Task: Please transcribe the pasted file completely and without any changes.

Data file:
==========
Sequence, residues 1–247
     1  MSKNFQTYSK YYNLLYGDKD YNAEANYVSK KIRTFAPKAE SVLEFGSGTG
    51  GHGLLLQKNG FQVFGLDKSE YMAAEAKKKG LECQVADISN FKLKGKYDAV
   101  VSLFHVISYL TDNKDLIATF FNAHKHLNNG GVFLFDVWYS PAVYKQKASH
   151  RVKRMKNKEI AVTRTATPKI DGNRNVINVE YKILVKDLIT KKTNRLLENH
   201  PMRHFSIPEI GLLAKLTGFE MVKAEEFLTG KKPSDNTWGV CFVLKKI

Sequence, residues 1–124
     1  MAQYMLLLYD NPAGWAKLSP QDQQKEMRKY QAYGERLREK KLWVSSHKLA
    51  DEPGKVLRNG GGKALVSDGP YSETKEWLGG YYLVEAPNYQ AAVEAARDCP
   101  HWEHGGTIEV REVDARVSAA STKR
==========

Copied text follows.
Sequence, residues 1–247
     1  MSKNFQTYSK YYNLLYGDKD YNAEANYVSK KIRTFAPKAE SVLEFGSGTG
    51  GHGLLLQKNG FQVFGLDKSE YMAAEAKKKG LECQVADISN FKLKGKYDAV
   101  VSLFHVISYL TDNKDLIATF FNAHKHLNNG GVFLFDVWYS PAVYKQKASH
   151  RVKRMKNKEI AVTRTATPKI DGNRNVINVE YKILVKDLIT KKTNRLLENH
   201  PMRHFSIPEI GLLAKLTGFE MVKAEEFLTG KKPSDNTWGV CFVLKKI

Sequence, residues 1–124
     1  MAQYMLLLYD NPAGWAKLSP QDQQKEMRKY QAYGERLREK KLWVSSHKLA
    51  DEPGKVLRNG GGKALVSDGP YSETKEWLGG YYLVEAPNYQ AAVEAARDCP
   101  HWEHGGTIEV REVDARVSAA STKR